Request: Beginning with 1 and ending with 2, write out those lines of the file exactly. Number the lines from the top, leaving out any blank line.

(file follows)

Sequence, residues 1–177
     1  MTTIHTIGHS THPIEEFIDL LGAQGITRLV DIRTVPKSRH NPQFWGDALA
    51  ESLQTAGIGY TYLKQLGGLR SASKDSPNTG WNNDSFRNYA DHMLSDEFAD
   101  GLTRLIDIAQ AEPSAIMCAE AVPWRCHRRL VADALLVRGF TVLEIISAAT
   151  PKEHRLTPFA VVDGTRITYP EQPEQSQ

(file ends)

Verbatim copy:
Sequence, residues 1–177
     1  MTTIHTIGHS THPIEEFIDL LGAQGITRLV DIRTVPKSRH NPQFWGDALA